The NASA Goddard Earth Sciences Data and Information Services Center (GES DISC) has recently added all of the half-hourly and monthly *Final* IMERG data variables to the next generation of Giovanni, Giovanni-4 (G4). Giovanni is a Web-based application developed by the GES DISC that provides a simple and intuitive way for users to visualize, analyze, and access vast amounts of Earth science remote sensing data, without having to download the data.
The Global Precipitation Measurement mission has produced its first global map of rainfall and snowfall.
Like a lead violin tuning an orchestra, the GPM Core Observatory – launched one year ago on Feb. 27, 2014, as a collaboration between NASA and the Japan Aerospace Exploration Agency – acts as the standard to unify precipitation measurements from a network of 12 satellites. The result is NASA's Integrated Multi-satellite Retrievals for GPM data product, called IMERG, which combines all of these data from 12 satellites into a single, seamless map.
The first tropical depression of the 2015 western Pacific season formed southwest of Guam on January 13 and is predicted to intensify into a tropical storm while headed toward the Philippines. NASA's TRMM and GPM satellites provided a look at Tropical Depression Mekkhala's rainfall data that showed the area of moderate rainfall had expanded as the storm strengthened on January 13.
Mekkhala was previously known as Tropical Depression 01W until January 14 when it was renamed.
The Precipitation Processing System (PPS) has begun producing updated GPM radiometer products as of 12/4/2014 due to an error discovered in the calculation of the Sun Angle in the PPS Geolocation Toolkit. This is considered a minor update with the Product Version being incremented in letter only. Please see the list of affected products here: http://pps.gsfc.nasa.gov/Documents/GPM_PPS_SunAngle_Products_20141204.pdf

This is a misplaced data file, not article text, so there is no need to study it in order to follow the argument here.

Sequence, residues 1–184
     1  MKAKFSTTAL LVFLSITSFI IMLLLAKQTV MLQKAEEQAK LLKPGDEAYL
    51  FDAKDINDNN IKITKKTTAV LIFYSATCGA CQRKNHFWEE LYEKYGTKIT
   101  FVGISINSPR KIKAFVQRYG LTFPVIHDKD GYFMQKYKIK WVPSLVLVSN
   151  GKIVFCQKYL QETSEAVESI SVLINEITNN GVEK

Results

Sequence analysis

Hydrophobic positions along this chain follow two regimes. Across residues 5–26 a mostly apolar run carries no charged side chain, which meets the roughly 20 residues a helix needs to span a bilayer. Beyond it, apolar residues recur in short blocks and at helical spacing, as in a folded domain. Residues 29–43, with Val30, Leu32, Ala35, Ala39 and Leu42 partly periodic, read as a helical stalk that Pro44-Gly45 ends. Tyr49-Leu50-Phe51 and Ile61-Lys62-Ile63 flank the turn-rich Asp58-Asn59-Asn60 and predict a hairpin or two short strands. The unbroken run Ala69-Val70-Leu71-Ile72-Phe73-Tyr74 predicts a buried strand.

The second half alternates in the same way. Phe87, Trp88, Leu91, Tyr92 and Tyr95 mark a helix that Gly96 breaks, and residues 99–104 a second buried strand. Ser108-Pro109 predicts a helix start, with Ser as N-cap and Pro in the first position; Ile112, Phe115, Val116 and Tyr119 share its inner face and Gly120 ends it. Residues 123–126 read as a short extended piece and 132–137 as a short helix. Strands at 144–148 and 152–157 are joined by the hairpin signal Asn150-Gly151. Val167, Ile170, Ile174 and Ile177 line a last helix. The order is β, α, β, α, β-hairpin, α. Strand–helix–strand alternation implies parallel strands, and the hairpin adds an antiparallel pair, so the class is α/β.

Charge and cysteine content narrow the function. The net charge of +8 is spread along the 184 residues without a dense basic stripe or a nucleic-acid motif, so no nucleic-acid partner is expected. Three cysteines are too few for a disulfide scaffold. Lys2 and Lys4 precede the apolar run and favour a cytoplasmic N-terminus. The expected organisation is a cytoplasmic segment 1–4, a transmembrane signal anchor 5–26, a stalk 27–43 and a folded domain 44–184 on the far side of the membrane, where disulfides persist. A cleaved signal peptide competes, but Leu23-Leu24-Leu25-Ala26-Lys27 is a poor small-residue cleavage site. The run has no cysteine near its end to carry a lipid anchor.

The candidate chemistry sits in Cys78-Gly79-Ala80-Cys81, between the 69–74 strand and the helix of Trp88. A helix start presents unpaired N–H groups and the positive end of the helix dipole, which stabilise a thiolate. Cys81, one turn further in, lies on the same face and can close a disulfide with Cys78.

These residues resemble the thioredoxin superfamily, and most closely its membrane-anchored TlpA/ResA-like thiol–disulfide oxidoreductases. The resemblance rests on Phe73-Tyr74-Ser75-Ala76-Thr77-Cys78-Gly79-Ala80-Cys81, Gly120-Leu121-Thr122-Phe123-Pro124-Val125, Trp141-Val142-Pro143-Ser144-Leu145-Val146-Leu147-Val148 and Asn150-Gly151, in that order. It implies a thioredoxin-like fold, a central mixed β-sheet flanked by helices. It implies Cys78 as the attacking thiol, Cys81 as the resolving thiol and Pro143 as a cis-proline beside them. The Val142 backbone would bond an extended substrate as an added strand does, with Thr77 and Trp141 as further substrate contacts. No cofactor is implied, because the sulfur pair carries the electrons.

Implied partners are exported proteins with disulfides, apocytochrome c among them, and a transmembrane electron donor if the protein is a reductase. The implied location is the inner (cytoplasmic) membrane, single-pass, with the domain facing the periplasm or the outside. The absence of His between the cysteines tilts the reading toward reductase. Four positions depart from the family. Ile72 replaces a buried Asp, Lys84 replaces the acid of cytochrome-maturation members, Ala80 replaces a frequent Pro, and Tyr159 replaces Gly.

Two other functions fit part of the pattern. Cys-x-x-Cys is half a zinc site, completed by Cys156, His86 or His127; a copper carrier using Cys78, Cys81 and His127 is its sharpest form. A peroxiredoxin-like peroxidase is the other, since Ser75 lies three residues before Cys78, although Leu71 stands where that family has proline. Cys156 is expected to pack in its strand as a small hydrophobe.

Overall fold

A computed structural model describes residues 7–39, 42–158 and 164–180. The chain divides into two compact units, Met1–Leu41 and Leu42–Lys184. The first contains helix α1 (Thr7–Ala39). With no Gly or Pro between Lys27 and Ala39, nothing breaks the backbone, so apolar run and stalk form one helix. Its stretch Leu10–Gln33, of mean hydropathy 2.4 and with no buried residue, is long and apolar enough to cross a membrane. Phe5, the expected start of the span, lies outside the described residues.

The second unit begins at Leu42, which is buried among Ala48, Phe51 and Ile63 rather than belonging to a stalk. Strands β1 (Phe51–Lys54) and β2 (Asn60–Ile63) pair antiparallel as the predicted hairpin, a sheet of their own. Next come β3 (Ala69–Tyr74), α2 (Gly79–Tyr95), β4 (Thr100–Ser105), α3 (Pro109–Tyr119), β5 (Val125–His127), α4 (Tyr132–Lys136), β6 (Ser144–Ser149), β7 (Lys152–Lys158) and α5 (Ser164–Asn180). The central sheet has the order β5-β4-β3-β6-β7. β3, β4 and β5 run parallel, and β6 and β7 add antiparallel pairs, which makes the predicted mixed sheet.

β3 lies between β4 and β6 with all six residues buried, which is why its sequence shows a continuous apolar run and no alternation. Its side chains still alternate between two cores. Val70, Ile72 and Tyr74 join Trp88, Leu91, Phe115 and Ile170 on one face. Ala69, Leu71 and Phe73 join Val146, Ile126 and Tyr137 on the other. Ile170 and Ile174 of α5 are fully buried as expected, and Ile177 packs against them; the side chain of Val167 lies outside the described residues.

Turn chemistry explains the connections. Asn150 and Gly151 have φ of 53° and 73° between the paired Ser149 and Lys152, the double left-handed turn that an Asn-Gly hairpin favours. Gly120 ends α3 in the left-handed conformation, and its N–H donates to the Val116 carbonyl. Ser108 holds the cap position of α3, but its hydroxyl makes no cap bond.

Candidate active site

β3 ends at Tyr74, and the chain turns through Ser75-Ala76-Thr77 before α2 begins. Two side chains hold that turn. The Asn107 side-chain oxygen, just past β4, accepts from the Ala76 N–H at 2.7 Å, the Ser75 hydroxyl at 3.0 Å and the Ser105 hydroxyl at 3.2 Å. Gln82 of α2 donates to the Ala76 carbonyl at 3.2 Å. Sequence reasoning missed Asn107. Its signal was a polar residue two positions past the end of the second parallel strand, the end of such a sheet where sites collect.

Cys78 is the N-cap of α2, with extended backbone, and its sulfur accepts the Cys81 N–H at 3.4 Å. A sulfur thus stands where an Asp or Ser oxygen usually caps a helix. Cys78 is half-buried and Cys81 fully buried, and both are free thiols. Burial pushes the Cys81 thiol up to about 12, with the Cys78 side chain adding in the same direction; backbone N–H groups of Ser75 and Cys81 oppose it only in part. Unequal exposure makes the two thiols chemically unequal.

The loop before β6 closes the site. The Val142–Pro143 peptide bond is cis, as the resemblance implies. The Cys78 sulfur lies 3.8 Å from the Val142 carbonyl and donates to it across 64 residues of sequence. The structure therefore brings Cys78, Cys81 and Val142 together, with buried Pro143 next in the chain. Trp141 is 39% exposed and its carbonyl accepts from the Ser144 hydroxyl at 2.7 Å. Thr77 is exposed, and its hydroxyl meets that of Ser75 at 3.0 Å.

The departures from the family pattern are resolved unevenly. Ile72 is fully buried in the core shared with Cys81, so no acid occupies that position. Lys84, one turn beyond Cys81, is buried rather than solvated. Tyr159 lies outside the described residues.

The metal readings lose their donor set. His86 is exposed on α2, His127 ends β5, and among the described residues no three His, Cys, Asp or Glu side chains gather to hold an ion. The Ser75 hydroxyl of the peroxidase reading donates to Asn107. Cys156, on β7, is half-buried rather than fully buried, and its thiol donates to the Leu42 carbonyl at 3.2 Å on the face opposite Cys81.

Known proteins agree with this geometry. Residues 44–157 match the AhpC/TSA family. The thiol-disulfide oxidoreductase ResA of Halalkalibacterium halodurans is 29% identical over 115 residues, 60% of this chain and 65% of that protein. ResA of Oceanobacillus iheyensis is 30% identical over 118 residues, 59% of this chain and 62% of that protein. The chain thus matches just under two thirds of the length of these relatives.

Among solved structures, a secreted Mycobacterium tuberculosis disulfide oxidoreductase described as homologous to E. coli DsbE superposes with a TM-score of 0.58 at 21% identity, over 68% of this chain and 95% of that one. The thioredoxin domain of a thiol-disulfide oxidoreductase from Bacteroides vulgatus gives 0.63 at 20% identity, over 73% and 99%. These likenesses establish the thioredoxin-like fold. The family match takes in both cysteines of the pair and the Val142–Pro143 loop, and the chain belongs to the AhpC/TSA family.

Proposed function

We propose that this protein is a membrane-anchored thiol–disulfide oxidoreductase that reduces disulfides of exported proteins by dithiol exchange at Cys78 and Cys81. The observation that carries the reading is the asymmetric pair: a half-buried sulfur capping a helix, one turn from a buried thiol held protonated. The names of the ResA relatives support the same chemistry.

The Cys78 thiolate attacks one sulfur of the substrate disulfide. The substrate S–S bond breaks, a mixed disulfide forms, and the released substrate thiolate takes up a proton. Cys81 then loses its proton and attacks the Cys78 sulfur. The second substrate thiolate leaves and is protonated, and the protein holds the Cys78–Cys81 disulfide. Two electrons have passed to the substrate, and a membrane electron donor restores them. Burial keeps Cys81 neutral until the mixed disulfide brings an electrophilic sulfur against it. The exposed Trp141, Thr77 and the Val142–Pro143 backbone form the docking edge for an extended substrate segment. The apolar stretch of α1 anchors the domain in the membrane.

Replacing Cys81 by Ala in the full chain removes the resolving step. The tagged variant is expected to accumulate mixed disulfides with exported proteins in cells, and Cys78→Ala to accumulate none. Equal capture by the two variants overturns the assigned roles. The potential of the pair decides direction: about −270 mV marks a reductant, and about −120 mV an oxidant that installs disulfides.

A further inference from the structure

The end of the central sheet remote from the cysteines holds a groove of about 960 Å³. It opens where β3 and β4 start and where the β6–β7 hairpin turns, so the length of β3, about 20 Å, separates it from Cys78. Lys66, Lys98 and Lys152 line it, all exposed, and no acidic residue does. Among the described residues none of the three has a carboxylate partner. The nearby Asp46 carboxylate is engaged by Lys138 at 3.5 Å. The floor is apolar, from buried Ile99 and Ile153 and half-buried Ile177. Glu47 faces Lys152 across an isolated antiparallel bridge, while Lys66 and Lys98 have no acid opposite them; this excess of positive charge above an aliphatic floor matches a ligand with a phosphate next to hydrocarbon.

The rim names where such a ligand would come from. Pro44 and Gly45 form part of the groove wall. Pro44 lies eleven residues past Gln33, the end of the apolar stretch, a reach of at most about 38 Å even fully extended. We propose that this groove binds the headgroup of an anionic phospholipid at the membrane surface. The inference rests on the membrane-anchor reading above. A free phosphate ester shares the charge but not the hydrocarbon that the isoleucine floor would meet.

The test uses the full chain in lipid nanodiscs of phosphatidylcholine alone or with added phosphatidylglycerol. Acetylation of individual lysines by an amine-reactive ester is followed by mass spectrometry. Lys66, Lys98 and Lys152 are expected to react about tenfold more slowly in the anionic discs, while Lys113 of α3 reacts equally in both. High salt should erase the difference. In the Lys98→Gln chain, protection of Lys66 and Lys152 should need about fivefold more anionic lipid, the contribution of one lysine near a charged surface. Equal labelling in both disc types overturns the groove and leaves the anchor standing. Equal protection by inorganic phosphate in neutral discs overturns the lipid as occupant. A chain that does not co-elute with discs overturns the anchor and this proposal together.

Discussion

The transition from the Tropical Rainfall Measuring Mission (TRMM) data products to the Global Precipitation Measurement (GPM) mission products is well underway. This document specifically addresses the multi-satellite products, the TRMM Multi-satellite Precipitation Analysis (TMPA), the real-time TMPA (TMPA-RT), and the Integrated Multi-satellitE Retrievals for GPM (IMERG).
The most accurate and comprehensive collection of rain, snowfall and other types of precipitation data ever assembled now is available to the public. This new resource for climate studies, weather forecasting, and other applications is based on observations by the Global Precipitation Measurement (GPM) Core Observatory, a joint mission of NASA and the Japan Aerospace Exploration Agency (JAXA), with contributions from a constellation of international partner satellites.
On September 26, the Global Precipitation Measurement (GPM) satellite flew over an extra-tropical cyclone whose center was approaching Norway. The Norwegian weather service reported that this storm brought gale-force winds to parts of Norway's coast and mountains (20 m/s in the mountains and 50 m/s just off-coast, late at night on September 26).